May 12, 2022, 1:15 PM - 3:15 PM
The Heldrich Hotel & Conference Center
10 Livingston Avenue
New Brunswick, NJ 08901
Click here for map.
Theia Henderson, Massachusetts Institute of Technology
Farnaz Jahanbakhsh, Massachusetts Institute of Technology
David Karger, Massachusetts Institute of Technology
Part 1: Empowering End Users to Make their own Choices on Harassment, Misinformation, Free expression, and More
Today we mostly rely on platforms and/or administrators to moderate content for us, and are often dissatisfied when they fail to do so effectively. In my group, we are exploring an alternative approach: empowering all individuals on the platform to make their own moderation decisions for themselves. I will argue that existing systems can and should be changed to give individual users greater autonomy in moderation. In this and the next few talks, we'll discuss a few different systems that we've built to explore this idea. I'll start with Squadbox, a system that helps users coordinate their own friends as moderators to protect them from harassment.
Part 2: Fighting Misinformation through a User-Managed Web of Trust
Platform operators have devoted significant effort to combating misinformation on behalf of their users. Users are also stakeholders in this battle, but their efforts to combat misinformation go unsupported by the platforms. In this work, we consider three new user affordances that give social media users greater power in their fight against misinformation: (1) structured accuracy assessments of posts by users, (2) user-specified indication of trust in other users, and (3) and user configuration of social feed filters according to assessed accuracy. Through interviews, a survey, and experiments with a prototype system implementing the affordances, we assess the potential power of these affordances to improve the quality of social information-sharing.
Part 3: Graffiti: The Potential for Anarchy in the Formation of Online Spaces
The social spaces we inhabit online are rarely ideal, but there is little we can do to change them without jeopardizing our social connections that exist within them. We introduce a system titled Graffiti that suggests a new ecosystem of online social spaces is possible: one where social data is not siloed into any one specific space. In this ecosystem, users can use whatever interfaces, filters, algorithms, moderators and broadcast patterns they see fit. The Graffiti API is simple enough that it is even possible for novice programmers to create or remix social spaces using nothing but HTML and CSS. There is still a separation between contextual spaces in Graffiti --- without any separation between our home, work and third spaces we will inevitably experience "context collapse" --- but Graffiti's power comes from its ability for data to exist in large sets of spaces all at once and these sets need only intersect, not overlap, with the set of spaces that someone observes to facilitate communication. An ecosystem with this amount of flexibility requires rethinking moderation, identity management, and design interventions and we discuss how these changes might interplay with existing and future laws.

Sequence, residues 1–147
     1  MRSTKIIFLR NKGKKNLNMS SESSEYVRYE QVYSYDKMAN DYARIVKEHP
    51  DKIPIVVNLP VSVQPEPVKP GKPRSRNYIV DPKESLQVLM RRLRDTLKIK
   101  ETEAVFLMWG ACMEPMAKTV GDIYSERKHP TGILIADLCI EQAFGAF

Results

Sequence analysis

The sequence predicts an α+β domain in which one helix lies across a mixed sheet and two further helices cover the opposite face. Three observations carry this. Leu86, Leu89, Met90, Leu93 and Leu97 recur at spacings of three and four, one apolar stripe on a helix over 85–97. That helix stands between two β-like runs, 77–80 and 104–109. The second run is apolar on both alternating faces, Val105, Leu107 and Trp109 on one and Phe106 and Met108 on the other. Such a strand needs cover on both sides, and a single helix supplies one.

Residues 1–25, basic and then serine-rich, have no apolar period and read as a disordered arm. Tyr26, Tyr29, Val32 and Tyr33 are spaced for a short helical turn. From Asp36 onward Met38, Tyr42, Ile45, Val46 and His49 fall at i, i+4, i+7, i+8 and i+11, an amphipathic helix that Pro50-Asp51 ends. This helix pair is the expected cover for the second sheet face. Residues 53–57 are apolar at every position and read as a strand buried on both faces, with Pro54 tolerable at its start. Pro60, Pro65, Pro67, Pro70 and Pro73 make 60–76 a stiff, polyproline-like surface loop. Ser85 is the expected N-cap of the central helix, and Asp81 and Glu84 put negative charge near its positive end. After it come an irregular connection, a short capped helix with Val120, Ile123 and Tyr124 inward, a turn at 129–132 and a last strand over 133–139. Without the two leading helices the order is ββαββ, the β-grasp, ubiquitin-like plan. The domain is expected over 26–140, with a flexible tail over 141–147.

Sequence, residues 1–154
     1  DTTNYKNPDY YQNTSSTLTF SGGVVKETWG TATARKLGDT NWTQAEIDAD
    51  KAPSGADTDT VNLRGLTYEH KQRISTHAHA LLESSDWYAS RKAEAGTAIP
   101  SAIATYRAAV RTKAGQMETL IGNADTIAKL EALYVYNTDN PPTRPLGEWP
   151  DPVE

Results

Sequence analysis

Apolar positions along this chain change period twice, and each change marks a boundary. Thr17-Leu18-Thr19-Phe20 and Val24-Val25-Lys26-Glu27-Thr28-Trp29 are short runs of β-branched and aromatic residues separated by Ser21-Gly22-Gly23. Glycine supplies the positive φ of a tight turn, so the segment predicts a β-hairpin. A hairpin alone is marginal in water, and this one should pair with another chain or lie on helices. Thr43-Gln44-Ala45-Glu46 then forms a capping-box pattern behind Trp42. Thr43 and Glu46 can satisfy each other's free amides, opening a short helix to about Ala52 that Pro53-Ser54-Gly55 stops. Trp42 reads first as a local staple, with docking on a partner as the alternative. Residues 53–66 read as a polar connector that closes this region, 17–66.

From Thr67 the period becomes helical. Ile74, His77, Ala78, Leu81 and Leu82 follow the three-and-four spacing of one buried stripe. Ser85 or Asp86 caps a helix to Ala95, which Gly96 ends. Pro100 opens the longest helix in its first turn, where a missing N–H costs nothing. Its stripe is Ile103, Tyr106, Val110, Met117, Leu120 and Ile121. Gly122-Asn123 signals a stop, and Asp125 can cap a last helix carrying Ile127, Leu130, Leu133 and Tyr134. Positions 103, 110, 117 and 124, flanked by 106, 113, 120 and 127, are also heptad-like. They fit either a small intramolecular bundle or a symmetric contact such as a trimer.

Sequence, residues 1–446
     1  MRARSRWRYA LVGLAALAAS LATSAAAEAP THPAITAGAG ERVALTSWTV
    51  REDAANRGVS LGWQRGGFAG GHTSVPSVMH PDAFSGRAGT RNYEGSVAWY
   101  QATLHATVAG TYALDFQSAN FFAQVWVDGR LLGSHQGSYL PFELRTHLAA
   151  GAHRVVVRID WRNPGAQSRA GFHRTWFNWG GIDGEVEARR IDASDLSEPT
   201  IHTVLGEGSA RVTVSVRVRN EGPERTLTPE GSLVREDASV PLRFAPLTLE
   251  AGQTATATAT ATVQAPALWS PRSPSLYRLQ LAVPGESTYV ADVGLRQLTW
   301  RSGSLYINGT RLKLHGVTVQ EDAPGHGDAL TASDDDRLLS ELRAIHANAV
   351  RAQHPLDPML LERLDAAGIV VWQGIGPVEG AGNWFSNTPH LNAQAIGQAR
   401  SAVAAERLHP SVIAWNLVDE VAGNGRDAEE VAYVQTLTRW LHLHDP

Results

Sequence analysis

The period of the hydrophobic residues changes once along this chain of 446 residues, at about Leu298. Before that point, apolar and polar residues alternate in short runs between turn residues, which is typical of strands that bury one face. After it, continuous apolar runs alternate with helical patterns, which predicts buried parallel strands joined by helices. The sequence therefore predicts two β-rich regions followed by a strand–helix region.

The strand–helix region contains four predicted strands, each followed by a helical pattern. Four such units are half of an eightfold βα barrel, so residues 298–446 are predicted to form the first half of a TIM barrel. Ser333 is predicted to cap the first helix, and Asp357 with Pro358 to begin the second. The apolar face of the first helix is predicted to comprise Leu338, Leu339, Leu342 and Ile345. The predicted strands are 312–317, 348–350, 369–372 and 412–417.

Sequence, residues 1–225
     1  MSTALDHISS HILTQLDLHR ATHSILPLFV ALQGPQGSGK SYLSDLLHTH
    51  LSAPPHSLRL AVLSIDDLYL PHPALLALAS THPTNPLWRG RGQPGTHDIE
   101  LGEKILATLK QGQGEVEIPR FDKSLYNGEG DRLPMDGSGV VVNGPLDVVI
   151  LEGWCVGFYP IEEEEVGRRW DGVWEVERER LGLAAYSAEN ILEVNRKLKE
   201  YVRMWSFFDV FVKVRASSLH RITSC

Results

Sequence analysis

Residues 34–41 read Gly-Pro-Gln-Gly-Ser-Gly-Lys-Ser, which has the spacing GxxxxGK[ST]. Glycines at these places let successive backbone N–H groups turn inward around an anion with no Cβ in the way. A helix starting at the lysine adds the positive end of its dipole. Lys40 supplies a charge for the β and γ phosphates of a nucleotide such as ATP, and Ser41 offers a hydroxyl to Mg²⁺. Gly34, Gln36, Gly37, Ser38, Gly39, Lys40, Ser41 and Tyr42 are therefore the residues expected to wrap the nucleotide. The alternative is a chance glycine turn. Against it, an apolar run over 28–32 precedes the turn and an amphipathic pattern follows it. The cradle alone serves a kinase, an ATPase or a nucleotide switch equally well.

Part 4: Can it Work?
We’ve discussed three systems that give end users power to substantially control what they encounter. Here we'll step back and think about the pros and cons of this approach.
Theia Henderson is a 2nd-year PhD student in computer science at MIT CSAIL, where she is a member of the Haystack group advised by David Karger. Her research in Human-Computer Interaction is focused on improving social media and other online social tools. As part of her work she builds real-world systems, but these practical designs draw inspiration from her background in theoretical computer science.
Farnaz Jahanbakhsh is currently a PhD student at MIT CSAIL advised by David Karger. Before starting at MIT, she completed a Masters in computer science at the University of Illinois at Urbana Champaign (UIUC) and, before that, a bachelors in computer engineering at Sharif University of Technology in Tehran, Iran. Her areas of research are Human-Computer Interaction and Social Computing.
David Karger is a Professor in the Computer Science and Artificial Intelligence Laboratory in the EECS department at MIT. His primary interest is currently in developing tools that help individuals manage information better. This involves studying people and current tools to understand where the problems are, creating and evaluating tools that address those problems, and deploying those tools to learn how people use them and iterate the whole process. His work draws on whatever fields can help: information retrieval, machine learning, databases, and algorithms, but most often human computer interaction. Karger began his career in algorithms and continues to be interested in the topic, particularly in the application of algorithms to real world problems. This has led him to work in systems, networking, and coding and communication.